Last Friday night, I was having dinner and seeing Pan’s Labyrinth with my attorney (she was drunk, of course, and amazed me yet again by somehow fitting a twelve-pack of St. Ides, an enormous Smith & Wesson 460 with the 8-inch barrel, and a two-pound venison tenderloin for snacking on into the hunting vest she wore beneath her DKNY wool coat), so the next installment of Cadet Mala Casey’s story will have to wait until this coming Friday.
Tonight, I went into the city for dinner (vegetarian on Curry Hill at Pongal, on Lexington between 27th and 28th: excellent, excellent Indian food but indifferent service) with some new acquaintances, some old friends, and my Master’s thesis advisor, and so had a stretch of useful focused reading time on the train. And it helped me put together some stuff about value and appropriation that I’ll likely talk about at CCCC.
First: in an article on social networking sites in BT Technology Journal, Judith Donath and danah boyd offer a brief discussion of the ways economic signaling theory can be used to analyze the way people display (wear? badge? perform? publicize?) their connections in social networks. While Donath’s and boyd’s discussion is largely confined to social networking sites like Orkut and Friendster, their conclusions are generalizable to our increasingly networked culture in general, and to blogs in particular: “The expenditure of energy to maintain a connection,” they argue, “is a signal of its importance and of the benefits it bestows” (Donath and boyd 81), or–in other words–a signal of its value. When I leave a comment on a post by Bradley, Jeff, or Joanna, I’m signaling its subjective value to me in ways that are socially reinforced, to varying degrees, by other commenters, while at the same time creating additional value for myself through the labor expended in creating my comment on the post. In much the same way, if Chris or Liz or Amanda leaves a comment here, they’re also producing additional value that can be appropriated by the broader community constituted by our various blogrolls, and the semi-invisible (to us, at least) community of lurkers. And as we know, the scholarly apparatus of citation is another form of value-signaling.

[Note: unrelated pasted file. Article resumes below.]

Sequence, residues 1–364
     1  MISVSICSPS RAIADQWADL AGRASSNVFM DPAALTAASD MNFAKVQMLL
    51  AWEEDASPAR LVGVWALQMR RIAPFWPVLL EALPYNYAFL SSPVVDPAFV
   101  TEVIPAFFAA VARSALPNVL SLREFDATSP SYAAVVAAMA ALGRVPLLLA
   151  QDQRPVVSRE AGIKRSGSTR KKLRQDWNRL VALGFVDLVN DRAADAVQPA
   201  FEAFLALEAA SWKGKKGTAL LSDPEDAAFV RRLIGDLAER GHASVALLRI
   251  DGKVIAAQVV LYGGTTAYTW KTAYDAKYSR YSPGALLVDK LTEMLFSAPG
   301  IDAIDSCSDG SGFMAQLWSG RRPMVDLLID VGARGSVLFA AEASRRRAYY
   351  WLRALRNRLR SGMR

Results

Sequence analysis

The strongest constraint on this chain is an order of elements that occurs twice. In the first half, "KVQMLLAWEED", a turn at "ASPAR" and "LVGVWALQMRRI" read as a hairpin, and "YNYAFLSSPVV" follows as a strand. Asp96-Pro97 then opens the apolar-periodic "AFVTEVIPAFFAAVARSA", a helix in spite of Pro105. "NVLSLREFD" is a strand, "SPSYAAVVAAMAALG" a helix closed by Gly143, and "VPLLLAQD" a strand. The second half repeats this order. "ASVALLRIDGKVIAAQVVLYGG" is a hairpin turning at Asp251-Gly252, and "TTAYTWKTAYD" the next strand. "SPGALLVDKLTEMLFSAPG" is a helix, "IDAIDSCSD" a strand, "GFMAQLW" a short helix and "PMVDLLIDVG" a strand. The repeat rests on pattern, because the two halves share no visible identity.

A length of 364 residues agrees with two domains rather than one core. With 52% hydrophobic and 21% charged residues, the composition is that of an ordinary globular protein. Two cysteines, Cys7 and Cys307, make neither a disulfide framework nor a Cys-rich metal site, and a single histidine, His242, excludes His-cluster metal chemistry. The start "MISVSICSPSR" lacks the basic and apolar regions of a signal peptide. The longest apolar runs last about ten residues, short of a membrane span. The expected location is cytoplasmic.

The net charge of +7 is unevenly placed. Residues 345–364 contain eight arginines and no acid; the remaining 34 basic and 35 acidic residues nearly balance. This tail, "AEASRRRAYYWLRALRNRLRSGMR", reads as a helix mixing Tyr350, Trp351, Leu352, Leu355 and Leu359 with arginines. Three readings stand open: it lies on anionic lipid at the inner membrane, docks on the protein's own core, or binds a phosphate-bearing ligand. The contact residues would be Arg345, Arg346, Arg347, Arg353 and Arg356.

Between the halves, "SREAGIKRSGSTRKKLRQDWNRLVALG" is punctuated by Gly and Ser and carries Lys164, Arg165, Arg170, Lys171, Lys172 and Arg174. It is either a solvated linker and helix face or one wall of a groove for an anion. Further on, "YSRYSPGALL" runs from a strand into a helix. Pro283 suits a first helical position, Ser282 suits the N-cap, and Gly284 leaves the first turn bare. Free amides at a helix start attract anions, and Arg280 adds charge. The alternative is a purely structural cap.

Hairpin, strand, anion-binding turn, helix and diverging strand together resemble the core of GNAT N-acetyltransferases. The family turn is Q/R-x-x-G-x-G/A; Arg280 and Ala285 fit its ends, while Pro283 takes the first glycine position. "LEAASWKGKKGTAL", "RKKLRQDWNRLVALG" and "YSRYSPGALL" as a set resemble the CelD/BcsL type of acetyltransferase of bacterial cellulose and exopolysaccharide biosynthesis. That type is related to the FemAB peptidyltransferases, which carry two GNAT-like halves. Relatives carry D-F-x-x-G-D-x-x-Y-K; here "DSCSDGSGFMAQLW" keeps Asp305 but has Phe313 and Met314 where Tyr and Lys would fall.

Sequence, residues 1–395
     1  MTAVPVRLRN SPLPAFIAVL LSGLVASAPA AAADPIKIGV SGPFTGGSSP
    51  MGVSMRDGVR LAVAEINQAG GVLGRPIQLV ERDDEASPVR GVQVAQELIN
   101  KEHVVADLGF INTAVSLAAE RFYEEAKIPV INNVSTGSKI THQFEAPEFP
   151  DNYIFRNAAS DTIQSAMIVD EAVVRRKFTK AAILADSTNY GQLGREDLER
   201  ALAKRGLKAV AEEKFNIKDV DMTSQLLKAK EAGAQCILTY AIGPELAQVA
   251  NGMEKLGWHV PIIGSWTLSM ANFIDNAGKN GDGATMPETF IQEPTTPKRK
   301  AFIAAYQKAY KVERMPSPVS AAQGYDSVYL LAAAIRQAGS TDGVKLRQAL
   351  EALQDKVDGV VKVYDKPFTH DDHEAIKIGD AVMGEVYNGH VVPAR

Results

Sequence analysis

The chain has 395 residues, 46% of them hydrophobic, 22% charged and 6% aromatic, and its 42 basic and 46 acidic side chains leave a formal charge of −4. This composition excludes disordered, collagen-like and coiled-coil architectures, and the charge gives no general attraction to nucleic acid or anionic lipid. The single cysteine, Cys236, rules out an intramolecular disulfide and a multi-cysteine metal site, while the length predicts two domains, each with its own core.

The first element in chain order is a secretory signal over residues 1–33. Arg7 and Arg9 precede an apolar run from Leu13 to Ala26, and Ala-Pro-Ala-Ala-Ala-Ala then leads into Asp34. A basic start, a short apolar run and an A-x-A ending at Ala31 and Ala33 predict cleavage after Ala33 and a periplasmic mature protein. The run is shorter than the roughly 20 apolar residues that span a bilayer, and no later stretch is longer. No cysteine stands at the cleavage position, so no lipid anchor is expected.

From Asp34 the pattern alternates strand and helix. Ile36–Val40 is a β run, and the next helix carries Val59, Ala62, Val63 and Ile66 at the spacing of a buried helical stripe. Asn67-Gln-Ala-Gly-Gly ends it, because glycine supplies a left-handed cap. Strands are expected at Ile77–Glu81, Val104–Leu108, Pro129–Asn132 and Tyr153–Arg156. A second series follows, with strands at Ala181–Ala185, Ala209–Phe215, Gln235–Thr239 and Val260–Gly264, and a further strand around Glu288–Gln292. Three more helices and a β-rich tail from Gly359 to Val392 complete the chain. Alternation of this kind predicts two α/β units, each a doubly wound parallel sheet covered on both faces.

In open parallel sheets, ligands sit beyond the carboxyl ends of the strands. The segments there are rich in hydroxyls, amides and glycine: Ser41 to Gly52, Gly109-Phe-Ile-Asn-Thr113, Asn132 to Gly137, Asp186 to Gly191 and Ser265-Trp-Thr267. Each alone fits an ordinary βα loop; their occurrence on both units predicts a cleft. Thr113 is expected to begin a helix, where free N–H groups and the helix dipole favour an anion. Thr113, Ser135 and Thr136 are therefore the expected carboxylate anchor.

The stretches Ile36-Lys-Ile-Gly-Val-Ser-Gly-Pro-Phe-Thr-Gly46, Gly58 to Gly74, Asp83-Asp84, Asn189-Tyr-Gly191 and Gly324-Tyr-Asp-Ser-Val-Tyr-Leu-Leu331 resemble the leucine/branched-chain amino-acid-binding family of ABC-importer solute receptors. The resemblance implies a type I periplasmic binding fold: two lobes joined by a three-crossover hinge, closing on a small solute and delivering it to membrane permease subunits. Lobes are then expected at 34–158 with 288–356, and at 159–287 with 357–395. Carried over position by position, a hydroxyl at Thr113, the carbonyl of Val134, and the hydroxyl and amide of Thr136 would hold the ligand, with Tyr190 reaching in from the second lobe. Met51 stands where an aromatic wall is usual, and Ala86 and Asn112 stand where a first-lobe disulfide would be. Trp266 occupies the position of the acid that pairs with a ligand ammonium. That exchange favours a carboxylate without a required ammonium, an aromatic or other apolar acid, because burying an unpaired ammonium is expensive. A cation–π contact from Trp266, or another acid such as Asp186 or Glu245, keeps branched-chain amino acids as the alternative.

But the concerns emerge when we start to talk about the appropriation of value. We know that information is a non-rivalrous and non-scarce good, but with the intellectual DRM of plagiarism policies, we treat it as rivalrous and scarce. While plagiarism policies predate the information age, they’ve become inextricably embedded in its evolution. In Peers, Pirates, and Persuasion, John Logie (I’m a bit late, but thanks for suggesting it, Clancy!), approvingly deploys Andrew Ross’s 1990 description of “the ongoing attempt to rewrite property law in order to contain the effect of the new information technologies that… have transformed the way in which modern power is exercised and maintained” (Ross 10, qtd. in Logie 31) in order to help illustrate “the degree to which the state depends on the maintenance of stable property lines” (Logie 31). Logie offers a strong critique of the ways bureaucratic attempts to respond to the digital reproducibility of information have wholly failed to account for its not-rivalrous nature. At the same time, though, Logie points out that “U.S. courts have repeatedly rejected the notion that creators of intellectual property are entitled to any special consideration based on their investment of labor,” and cites Supreme Court Justice Sandra Day O’Connor’s insistence in Feist v. Rural Telephone Service that “the public’s interest in access to information can trump the creator’s expectation for a return on effort expended” (55).
This is a clearly economic argument, and an apparent rejection of the labor theory of value. (I think. Other perspectives?) Do I agree with it? Well, it’s law, so it doesn’t really matter whether I agree or not–but it strikes me as interesting that the rationale inheres in an emphasis on the consumer rather than on the supplier of information; on the appropriation rather than on the production. Part of my project for this CCCC presentation, then, should be to come up with a basic and rudimentary rhetoric of the process of production, appropriation, distribution, and reproduction of value in writing. (Which might help me compose an answer to Jenn’s important question.)